Friday, 13 October 2017

Of course mothers never have Sheena Wilkinson

Apart from ‘How much money do you earn’ and ‘Do you know any famous writers?’ the most frequent question children ask me is, ‘Which of your books is your favourite?’

I’m always reminded of The Railway Children: ‘Of course mothers never have favourites, but if their mother had had a favourite it might have been Roberta.’
Mothers never have favourites...

I generally say something in praise of each book, a canny way to remind them of the titles (heh heh, see Question 1). But if I’m being really honest, my favourite book is usually the newest one. It kind of has to be.

And now we are seven, as Star By Star is just about to be published. And … well, it really might be my favourite so far. Some books are just easier to love, and this one has been a joy from the start.

It all began last May. I had had (as I confessed on here) a difficult few months professionally: out of contract and nothing on the horizon. Then I got an offer for Street Song, a YA contemporary about music, from the lovely people at Ink Road (Black & White Publishing), which was exciting as it was, in effect, my UK publishing debut. I was thrilled, but it felt strange not to have a book coming out with Little Island, the small but wonderful Irish publishers who had published me since Taking Flight back in 2010. I’d loved writing the historical Name Upon Name for them, and my dream was to be asked to do another.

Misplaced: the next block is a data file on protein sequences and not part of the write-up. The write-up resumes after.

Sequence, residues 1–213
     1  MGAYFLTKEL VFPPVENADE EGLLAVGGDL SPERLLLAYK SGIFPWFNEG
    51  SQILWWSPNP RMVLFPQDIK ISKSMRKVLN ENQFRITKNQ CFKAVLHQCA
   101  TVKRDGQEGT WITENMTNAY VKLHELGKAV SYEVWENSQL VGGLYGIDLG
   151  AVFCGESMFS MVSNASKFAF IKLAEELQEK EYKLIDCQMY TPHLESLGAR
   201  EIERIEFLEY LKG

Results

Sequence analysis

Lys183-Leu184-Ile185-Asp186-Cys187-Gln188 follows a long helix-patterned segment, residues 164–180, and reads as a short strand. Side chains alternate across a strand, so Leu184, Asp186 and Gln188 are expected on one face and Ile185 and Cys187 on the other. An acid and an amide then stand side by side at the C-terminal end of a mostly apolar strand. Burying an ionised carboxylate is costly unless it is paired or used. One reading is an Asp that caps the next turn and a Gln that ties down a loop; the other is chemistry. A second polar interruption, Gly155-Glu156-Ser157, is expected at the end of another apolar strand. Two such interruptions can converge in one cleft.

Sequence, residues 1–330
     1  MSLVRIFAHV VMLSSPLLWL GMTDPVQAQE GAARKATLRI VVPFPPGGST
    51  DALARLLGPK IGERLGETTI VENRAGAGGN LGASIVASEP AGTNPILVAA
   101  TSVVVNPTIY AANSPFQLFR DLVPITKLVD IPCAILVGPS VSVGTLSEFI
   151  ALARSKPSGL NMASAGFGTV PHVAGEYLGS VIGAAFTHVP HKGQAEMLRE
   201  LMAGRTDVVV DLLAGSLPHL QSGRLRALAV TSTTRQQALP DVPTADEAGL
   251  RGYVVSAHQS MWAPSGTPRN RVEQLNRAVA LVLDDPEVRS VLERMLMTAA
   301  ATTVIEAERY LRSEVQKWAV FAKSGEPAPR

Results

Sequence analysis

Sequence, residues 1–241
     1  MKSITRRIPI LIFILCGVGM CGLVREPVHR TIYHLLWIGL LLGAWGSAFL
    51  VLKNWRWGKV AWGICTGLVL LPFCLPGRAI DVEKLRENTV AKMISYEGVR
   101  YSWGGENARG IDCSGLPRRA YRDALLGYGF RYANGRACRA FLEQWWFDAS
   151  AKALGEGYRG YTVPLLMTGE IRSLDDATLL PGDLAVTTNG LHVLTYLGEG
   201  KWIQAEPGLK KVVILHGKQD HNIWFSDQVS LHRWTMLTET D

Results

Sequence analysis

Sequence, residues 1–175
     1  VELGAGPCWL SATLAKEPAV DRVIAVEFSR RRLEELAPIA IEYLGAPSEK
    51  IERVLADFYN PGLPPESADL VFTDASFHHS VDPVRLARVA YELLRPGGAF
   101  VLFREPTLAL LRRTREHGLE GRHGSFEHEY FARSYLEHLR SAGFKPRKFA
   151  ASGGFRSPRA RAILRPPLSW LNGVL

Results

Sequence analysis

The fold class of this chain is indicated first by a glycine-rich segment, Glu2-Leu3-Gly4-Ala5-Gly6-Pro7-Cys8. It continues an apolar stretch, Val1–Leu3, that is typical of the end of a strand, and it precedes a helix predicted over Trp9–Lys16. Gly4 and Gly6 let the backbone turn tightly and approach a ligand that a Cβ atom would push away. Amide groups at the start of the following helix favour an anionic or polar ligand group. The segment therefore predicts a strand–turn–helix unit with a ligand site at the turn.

2017's first book

And then, a week after the Street Song offer came my dream commission from Little Island: a novel for teens about the 1918 election when women voted for the first time in Britain and Ireland. I remember the thrill as I read the email; I think my response was simply YES YES YES!
my first teen historical novel

I’d always wanted to write an overtly feminist book, and this was my chance. Stella, my outspoken, well-intentioned heroine, a 1918 flu orphan with a burning desire to change the world, especially for women, just walked off the Liverpool boat one stormy grey October morning, with her heart heavy but her chin held high. And I recognised her at once. 
It’s not always like that: often I have to really search for the truth of a character, but Stella was open and honest with me from the beginning, a plain-dealing girl.  Often I don’t hear the character’s voice until I start writing – after months of planning, but Stella started talking before I could even open my notebook.

That’s not to say the book didn’t take a lot of planning, writing and editing. They always do and this was no different. The story changed as I went along; unnecessary characters were written out or simply killed off (a distinct advantage to setting a book in the middle of the most deadly pandemic in history.) But Stella was steadfast. When I saw designer Niall McCormack's gorgeous cover, I couldn't believe that, even in silhouette, he had captured her exactly as I saw her.

Star By Star

Last month I wrote about the courage of Honor Arundel in creating heroines who were not always likeable, and now I realise that I too have often had difficult narrators – unreliable, self-deluding, jealous, selfish, or simply full of doubt. I loved them all, but they didn’t half drive me a merry dance some of the time. Stella was, as writer Deirdre Sullivan, who gave me a lovely cover quote, said, ‘confident, outspoken and kind,’ and she was kind to me too during the months I laboured to bring her story to the world.  I hope readers will be kind to her.


A. Colleen Jones said...

I can't wait to read about Stella, Sheena! She sounds pretty awesome. xo

Pippa Goodhart said...

Well, I, for one, now want to read it!